Megaesophagus in an older dog is acquired esophageal weakness, due to primary idiopathic causes or secondary to a neuropathy, myopathy, or junctionopathy. Most patients present for regurgitation, and a common complication of the disease is aspiration pneumonia. Treatment of underlying diseases such as myasthenia gravis, hypothyroidism, or hypoadrenocorticism can be beneficial in controlling megaesophagus, so a diagnostic workup should be recommended in patients with regurgitation. A recent study found all dogs enrolled with idiopathic laryngeal paralysis (n = 32) also had esophageal dysfunction. Of 24 dogs that were evaluated at 1 year, 100% of the subjects had developed neurologic signs including ataxia, weakness, conscious proprioceptive deficits, or muscle atrophy while only 25% of the subjects exhibited some form of these signs at enrollment (Stanley et al., 2010).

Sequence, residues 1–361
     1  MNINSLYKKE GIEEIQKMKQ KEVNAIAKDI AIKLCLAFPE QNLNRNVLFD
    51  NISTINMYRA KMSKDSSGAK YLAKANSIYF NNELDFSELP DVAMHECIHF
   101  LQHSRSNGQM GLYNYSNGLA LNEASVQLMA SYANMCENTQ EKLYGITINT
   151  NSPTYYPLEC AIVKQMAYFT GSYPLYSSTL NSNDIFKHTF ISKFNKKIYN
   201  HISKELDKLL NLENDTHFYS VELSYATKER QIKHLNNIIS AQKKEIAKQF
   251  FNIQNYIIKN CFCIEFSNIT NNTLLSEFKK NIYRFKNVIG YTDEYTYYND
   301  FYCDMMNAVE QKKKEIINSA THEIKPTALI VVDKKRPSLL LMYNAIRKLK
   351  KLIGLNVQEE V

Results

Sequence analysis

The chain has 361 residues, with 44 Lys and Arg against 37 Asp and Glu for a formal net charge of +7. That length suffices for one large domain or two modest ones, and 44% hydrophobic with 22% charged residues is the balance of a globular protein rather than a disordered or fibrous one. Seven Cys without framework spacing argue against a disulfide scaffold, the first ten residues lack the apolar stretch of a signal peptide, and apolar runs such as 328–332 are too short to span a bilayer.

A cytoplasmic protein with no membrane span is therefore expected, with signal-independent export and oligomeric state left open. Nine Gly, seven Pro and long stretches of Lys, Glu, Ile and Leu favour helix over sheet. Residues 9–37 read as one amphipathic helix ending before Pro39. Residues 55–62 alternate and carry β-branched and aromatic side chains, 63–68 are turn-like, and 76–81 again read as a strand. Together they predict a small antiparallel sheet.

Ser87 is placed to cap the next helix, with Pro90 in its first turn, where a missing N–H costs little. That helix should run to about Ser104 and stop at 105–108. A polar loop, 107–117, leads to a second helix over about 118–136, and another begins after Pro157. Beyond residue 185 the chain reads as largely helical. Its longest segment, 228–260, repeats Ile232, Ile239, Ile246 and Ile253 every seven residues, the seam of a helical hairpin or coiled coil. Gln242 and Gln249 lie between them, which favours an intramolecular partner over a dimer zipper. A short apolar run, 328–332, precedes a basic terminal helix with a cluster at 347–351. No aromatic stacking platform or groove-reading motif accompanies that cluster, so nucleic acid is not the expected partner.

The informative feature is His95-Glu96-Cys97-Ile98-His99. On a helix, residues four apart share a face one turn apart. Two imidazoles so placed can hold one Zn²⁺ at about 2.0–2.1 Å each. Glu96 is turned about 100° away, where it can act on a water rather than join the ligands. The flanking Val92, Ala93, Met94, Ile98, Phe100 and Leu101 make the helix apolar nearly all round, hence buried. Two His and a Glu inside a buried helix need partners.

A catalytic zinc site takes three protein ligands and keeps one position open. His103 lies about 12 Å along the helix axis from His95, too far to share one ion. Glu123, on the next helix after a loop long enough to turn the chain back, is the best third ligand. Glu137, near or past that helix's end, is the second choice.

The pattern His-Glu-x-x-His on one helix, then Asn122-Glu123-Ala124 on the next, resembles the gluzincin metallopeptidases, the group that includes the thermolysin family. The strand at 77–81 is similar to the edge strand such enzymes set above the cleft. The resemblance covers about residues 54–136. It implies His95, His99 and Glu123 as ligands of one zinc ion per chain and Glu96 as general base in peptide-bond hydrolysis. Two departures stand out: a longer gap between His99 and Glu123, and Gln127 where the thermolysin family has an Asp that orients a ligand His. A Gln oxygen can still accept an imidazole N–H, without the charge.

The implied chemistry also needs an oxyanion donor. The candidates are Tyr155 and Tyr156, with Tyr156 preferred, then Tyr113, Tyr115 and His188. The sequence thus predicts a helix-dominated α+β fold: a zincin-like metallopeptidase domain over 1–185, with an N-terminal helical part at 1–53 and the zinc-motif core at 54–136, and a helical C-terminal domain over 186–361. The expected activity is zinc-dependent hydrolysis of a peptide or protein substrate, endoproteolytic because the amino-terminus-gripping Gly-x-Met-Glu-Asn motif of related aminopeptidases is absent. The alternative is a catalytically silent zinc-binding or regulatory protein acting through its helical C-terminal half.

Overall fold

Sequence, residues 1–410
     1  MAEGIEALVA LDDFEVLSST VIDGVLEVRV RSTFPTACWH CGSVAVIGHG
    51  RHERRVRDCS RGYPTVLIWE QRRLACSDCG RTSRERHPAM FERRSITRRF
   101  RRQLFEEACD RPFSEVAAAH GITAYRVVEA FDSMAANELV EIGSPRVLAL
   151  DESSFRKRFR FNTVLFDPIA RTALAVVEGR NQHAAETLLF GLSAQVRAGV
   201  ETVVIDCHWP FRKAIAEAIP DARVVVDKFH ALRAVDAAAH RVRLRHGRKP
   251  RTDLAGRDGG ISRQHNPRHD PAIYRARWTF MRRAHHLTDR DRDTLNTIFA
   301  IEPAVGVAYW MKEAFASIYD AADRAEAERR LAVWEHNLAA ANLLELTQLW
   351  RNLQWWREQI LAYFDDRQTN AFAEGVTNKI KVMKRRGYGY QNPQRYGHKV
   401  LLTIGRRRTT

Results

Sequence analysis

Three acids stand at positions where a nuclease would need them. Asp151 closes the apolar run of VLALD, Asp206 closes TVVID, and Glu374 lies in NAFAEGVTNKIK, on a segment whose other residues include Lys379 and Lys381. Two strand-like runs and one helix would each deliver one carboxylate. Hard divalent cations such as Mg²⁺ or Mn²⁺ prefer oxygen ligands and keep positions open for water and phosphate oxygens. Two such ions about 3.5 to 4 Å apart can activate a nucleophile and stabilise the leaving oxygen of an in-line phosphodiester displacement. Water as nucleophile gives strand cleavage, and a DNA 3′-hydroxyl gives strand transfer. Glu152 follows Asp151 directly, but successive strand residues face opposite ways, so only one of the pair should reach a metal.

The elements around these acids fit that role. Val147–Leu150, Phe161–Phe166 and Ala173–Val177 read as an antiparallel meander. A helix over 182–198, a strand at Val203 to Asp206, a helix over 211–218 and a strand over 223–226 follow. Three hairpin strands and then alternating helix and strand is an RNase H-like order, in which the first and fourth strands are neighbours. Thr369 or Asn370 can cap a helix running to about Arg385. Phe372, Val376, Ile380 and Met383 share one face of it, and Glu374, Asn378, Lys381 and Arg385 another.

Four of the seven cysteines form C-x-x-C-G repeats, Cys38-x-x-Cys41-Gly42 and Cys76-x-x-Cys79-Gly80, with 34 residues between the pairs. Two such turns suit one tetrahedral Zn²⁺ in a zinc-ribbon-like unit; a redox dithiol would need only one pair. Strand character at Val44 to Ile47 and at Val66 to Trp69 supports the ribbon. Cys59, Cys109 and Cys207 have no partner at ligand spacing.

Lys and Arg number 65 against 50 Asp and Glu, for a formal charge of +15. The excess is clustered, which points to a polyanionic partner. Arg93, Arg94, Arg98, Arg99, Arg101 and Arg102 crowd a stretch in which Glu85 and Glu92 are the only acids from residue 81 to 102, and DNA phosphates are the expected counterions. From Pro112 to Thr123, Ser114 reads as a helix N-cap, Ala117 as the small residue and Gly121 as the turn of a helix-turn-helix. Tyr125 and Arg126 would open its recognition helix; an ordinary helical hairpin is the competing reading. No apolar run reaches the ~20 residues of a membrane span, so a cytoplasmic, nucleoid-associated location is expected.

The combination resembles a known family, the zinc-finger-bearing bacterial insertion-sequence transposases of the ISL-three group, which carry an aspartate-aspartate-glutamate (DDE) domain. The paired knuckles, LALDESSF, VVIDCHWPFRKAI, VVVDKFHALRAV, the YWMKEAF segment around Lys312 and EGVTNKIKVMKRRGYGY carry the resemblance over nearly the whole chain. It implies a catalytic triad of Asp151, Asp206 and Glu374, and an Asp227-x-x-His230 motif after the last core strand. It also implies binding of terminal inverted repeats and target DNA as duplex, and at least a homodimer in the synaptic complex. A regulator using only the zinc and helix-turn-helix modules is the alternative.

Renal Disease

Chronic renal disease is commonly encountered in older patients. Renal blood flow and the reserve of healthy renal glomeruli decline with age (Goldston, 1995). Patients with compromised renal reserves are more sensitive to insults such as dehydration and should not be overworked in the physical rehabilitation environment.

Urinary and Fecal Incontinence